—Introduction, with an Introduction by Martin E. Alexander">

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Fire Ecology, 2014
Volume 10, Issue 3

The Ecological Role of Fire in Natural Conifer Forests of Western and Northern North AmericaIntroduction, with an Introduction by Martin E. Alexander
Authors: Herbert E. Wright, Jr and Miron L. Heinselman
Pages: 1-13
DOI: 10.4996/fireecology.1003001

     Forest fires have been the bane of forest managers, resource analysts, and the public ever since the timberlands of the Great Lakes area and the western mountains were opened for exploitation or designated for preservation. The psychological stage was set during the early years of commercial timber cutting, when escaped slash fires burned several towns to the ground, killed thousands of people, and destroyed the young regeneration and remnants of uncut forest on literally millions of acres. Whether the forest was to be cut for timber or set aside for preservation as a natural feature, it was assumed that fires were destructive and should be prevented at all costs. Laws were passed to require the disposal of slash by safe methods in timbered areas, but insufficient care was used and fires continued to escape.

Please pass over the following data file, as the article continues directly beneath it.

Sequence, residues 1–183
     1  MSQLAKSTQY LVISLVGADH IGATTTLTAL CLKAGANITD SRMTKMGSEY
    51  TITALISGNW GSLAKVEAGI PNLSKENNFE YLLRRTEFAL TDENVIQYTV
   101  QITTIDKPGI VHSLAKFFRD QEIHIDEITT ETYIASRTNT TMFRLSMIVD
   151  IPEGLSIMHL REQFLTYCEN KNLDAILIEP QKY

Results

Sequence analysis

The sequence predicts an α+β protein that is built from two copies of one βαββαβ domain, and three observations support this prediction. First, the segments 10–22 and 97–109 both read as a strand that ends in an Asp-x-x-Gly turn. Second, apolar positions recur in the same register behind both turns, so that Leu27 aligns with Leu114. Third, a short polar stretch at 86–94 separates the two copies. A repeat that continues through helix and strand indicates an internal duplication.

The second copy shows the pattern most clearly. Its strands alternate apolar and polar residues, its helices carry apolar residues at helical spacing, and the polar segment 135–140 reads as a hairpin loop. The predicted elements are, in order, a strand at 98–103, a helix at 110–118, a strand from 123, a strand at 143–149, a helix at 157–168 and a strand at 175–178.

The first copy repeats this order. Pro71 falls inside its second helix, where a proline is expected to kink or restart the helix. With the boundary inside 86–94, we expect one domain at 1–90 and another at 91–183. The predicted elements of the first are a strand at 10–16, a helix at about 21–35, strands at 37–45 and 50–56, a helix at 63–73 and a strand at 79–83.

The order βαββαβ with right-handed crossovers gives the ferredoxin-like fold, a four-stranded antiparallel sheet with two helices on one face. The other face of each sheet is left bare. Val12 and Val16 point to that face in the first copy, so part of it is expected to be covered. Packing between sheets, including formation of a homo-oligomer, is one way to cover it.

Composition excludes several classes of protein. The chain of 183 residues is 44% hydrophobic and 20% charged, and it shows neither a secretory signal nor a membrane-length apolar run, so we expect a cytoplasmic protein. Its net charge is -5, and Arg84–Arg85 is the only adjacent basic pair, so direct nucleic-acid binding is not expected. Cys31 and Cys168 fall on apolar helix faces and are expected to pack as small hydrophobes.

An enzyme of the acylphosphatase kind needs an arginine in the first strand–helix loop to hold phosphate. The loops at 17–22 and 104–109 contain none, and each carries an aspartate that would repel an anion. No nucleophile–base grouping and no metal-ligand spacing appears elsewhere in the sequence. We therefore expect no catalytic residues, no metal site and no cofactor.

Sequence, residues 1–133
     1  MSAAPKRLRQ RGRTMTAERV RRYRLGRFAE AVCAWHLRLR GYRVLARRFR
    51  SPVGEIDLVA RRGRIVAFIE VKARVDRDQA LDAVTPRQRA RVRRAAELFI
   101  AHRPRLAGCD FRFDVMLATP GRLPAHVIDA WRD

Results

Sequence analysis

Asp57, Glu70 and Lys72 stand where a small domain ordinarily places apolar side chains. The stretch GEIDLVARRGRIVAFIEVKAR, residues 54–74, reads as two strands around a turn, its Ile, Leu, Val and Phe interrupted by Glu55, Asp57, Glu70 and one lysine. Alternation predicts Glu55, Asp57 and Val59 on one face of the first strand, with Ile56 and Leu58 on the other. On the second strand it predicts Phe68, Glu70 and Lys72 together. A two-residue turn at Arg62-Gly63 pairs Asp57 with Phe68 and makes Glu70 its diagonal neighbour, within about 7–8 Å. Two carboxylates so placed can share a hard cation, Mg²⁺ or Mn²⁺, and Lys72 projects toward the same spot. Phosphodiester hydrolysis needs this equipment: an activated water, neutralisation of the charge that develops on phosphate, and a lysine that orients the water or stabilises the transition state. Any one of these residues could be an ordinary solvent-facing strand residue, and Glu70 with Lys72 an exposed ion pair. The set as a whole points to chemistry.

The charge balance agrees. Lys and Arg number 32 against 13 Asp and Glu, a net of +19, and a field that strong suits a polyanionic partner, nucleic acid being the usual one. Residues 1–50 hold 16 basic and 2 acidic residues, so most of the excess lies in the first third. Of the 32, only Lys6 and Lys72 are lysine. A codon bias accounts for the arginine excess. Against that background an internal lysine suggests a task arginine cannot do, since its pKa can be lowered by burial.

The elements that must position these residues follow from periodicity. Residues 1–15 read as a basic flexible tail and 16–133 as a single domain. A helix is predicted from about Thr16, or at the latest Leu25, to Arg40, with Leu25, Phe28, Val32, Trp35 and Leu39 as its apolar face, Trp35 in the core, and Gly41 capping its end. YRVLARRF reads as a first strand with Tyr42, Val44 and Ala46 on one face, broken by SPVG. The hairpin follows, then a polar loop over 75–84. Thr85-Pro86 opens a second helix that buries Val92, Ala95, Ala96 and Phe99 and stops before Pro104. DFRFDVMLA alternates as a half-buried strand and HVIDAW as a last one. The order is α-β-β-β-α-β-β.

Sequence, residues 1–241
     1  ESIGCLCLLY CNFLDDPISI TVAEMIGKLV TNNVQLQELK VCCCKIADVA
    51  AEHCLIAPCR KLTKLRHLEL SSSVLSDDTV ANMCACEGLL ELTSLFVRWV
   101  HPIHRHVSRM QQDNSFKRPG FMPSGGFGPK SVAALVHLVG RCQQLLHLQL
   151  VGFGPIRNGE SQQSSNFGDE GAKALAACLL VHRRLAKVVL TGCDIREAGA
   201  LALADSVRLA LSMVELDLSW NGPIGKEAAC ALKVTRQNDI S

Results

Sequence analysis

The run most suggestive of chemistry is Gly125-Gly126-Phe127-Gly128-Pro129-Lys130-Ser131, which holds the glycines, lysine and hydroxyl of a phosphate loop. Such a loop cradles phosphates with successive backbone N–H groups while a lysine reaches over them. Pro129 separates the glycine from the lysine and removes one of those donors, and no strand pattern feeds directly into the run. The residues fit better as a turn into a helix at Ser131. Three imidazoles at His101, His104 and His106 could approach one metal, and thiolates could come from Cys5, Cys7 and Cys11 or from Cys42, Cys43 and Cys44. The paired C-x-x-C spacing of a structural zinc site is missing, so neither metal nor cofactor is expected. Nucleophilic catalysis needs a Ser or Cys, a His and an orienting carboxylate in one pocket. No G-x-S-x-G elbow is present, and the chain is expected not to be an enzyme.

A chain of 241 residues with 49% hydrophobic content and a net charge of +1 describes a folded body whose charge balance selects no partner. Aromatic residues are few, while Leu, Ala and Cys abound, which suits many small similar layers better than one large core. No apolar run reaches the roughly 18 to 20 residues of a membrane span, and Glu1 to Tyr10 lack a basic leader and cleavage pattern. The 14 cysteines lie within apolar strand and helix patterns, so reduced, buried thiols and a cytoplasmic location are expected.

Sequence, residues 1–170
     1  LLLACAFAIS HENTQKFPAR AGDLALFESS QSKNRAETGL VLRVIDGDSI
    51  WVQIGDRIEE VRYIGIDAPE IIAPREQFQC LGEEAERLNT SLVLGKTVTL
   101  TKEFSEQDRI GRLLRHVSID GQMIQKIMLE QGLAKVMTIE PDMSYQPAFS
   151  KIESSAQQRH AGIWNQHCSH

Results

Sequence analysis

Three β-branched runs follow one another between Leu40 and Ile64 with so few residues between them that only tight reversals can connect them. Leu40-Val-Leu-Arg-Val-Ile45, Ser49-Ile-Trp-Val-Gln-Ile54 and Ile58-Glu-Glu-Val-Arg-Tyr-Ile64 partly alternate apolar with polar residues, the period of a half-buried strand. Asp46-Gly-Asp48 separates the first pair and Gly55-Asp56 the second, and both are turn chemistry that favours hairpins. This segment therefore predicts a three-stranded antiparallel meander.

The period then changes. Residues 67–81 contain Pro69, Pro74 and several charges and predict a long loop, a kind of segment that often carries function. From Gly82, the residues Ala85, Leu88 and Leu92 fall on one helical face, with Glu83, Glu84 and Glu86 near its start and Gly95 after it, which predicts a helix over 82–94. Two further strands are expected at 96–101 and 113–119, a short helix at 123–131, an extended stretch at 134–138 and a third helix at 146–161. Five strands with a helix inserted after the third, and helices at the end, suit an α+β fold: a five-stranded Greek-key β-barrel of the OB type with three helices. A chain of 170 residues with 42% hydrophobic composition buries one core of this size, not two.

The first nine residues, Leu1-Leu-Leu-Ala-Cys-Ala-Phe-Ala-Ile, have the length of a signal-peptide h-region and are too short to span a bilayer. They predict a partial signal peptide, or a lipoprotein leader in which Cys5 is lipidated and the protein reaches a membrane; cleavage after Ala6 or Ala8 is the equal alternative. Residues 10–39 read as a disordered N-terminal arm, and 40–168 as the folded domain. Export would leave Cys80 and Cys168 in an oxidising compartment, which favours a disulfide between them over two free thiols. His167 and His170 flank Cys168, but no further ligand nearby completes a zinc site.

When the public forests were established in the early years of this century, one of the first actions was the creation of a system for the detection and suppression of fires. Public forests became dotted with fire towers, and over the years the lore and loneliness of the fireguard became legend.
    Fire-suppression methods changed as technology developed. The catastrophes common in the early years became less frequent, as fires were efficiently spotted and put under control. Routine air patrol replaced the fire tower. Helicopters are now used to deploy fire fighters, equipment, and supplies. New chemicals and tools have been developed to fight the flames, climax was visualized as a long-term equilibrium between the vegetation and a stable physical environment.

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